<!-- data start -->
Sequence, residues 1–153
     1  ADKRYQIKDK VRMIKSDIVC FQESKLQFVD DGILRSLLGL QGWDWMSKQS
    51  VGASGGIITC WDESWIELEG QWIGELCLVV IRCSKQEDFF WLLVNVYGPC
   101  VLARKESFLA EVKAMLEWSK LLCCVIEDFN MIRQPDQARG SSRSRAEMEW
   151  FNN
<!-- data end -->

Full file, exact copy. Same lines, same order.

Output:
Sequence, residues 1–153
     1  ADKRYQIKDK VRMIKSDIVC FQESKLQFVD DGILRSLLGL QGWDWMSKQS
    51  VGASGGIITC WDESWIELEG QWIGELCLVV IRCSKQEDFF WLLVNVYGPC
   101  VLARKESFLA EVKAMLEWSK LLCCVIEDFN MIRQPDQARG SSRSRAEMEW
   151  FNN